Law enforcement officers can’t always keep a safe social distance on the job

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AUSTIN (KXAN) — Law enforcement agencies in Travis County tell KXAN they’re working to stop the spread of COVID-19 as much as possible.

Both the Travis County Sheriff’s Office and the Austin Police Department tell KXAN that due to the nature of the job, sometimes officers and deputies can’t maintain a six-foot when responding to calls and crime scenes. However, in other cases, supervisors are watching and reminding their teams not to get too close when the job allows for more distancing.

“When we start working and we’re with our coworkers in these situations, our natural tendency is kind of to gravitate toward each other, especially when we want to talk about something that we don’t want people around us to hear or we’re trying to be quiet or any number of situations, and that muscle memory takes effect,” said Kristen Dark, spokesperson for the Travis County Sheriff’s Office.

Dark says to help, TCSO is sending the minimal number of deputies and other personnel needed to crime scenes.

In addition, those being trained, who would usually go along, aren’t allowed to go to those scenes during the outbreak.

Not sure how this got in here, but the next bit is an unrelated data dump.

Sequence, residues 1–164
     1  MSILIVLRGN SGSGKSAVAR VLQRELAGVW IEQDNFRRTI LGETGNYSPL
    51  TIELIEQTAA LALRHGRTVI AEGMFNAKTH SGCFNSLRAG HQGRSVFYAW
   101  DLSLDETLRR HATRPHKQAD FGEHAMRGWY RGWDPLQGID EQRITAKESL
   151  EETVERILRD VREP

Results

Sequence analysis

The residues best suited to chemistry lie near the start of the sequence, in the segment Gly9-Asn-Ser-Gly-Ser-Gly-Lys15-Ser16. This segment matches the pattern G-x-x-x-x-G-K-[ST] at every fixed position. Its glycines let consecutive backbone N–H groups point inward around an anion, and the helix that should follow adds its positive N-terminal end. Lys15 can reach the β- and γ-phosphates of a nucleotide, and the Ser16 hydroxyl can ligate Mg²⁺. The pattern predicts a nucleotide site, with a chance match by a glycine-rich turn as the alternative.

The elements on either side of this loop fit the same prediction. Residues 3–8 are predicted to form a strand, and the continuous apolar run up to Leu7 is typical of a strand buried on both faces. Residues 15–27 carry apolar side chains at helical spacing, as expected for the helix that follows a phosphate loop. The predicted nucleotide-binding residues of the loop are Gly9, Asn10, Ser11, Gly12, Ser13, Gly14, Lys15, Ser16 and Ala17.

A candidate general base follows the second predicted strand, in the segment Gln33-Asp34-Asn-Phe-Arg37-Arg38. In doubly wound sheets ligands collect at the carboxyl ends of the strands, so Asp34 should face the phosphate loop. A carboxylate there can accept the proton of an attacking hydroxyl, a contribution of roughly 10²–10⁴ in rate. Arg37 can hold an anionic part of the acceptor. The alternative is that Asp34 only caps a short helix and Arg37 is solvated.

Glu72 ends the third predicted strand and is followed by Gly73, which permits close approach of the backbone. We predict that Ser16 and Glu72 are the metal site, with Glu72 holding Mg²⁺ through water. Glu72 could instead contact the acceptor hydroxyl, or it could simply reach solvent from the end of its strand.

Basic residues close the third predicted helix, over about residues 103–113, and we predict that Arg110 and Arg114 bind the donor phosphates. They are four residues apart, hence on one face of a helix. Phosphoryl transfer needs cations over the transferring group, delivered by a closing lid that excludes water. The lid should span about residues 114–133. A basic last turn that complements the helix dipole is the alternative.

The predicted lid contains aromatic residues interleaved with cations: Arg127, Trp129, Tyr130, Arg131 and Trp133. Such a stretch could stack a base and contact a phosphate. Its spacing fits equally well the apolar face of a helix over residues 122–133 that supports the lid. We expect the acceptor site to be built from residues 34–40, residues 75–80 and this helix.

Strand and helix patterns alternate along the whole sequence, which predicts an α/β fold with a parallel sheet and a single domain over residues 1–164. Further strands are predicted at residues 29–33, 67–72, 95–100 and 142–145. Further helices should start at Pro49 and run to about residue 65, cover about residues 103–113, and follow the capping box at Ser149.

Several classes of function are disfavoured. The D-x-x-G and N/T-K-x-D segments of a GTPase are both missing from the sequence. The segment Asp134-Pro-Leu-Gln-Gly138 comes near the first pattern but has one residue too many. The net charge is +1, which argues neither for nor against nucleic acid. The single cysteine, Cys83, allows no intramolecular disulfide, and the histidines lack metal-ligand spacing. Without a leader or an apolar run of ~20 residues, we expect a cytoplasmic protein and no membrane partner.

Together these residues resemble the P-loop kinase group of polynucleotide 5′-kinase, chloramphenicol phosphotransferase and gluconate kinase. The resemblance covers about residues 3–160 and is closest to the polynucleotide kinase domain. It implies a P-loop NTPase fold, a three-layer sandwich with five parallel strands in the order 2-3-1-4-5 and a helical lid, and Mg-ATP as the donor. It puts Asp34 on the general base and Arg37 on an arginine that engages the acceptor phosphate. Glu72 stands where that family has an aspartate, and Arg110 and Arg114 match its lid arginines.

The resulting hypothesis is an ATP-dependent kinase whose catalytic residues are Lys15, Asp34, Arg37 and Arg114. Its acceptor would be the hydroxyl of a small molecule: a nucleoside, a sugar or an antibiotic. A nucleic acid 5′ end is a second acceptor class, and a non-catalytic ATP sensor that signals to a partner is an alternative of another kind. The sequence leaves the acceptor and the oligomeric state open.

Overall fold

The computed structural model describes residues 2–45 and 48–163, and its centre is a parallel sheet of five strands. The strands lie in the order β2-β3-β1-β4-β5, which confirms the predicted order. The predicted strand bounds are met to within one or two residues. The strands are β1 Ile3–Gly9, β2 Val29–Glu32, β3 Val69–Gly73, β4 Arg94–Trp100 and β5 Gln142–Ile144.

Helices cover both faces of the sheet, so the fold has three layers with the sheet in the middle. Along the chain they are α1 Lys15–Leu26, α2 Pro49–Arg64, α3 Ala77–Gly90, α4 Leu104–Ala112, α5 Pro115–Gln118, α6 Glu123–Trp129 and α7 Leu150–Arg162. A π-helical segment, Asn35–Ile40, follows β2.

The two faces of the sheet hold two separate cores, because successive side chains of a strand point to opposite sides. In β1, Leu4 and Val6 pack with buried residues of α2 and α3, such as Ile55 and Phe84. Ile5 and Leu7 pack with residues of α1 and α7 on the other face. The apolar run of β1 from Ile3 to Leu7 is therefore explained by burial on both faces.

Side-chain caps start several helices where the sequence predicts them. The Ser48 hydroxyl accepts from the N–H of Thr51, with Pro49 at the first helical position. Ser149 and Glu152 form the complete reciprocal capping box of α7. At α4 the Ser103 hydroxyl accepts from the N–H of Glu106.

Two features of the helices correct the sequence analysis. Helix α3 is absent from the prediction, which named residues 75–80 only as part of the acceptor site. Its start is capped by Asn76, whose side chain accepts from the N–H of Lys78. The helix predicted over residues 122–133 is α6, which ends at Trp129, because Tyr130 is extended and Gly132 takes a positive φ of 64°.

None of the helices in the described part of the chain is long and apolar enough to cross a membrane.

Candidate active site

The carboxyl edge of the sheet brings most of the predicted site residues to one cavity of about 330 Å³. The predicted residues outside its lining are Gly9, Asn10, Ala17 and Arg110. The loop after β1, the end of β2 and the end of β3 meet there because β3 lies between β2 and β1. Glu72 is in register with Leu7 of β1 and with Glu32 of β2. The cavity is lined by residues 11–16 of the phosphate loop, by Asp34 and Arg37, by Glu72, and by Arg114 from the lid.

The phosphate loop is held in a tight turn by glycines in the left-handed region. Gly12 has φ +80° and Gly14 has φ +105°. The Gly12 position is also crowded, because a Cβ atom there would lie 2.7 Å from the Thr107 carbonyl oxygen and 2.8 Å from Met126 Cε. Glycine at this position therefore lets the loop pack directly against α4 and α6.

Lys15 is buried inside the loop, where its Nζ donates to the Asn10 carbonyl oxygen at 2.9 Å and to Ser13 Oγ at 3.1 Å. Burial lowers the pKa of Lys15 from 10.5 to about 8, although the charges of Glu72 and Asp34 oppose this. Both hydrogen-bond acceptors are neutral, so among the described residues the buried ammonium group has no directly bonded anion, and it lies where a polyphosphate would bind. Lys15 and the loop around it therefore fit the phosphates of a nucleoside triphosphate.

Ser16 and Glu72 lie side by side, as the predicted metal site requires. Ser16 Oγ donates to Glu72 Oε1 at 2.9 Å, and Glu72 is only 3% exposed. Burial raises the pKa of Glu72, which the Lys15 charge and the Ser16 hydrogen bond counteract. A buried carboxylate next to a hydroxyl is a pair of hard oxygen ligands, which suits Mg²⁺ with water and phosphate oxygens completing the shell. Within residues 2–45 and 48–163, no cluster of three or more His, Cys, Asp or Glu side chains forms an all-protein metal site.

On Saturday, APD mandated that all its officers on the frontline wear masks. Those working in offices or other secluded workspaces are not required to wear masks. APD has provided each officer working in public with four disposable masks, to be used in a rotation.

“There is a way that you will wear these, but then you will store them in a dry place so that you can wear them again days later,” Austin Police Chief Brian Manley told officers in a video on Saturday, when he mandated that they wear the masks.

Manley says APD is working to secure more masks.

TSCO says it has not mandated that deputies and corrections officers wear masks, because it does not have enough to provide masks for all employees and inmates. Currently, deputies working in the field can wear masks they can provide on their own.

Dark says the sheriff’s office is working to secure masks, but it needs thousands to cover all its employees and inmates.

Currently, inmate workers have been tasked with sewing cloth masks. Those masks will be worn by inmates and TCSO employees.

“One of the approaches, one of the innovations we’ve come up with is making them ourselves, Dark said. “We have a bunch of sewing machines that have been put in an area of the jail and inmate workers are in the process of making masks for our agency. They’re using surplus inmate uniforms, as well as donated fabric. And, as those masks are completed and come online, we’ll hand those out where they’re most needed first.”

While the governor announced Monday that the state has a good supply of masks and other personal protective equipment, it’s important to note that medical facilities and health care workers are being prioritized. Therefore, local law enforcement is looking to some other sources for masks.

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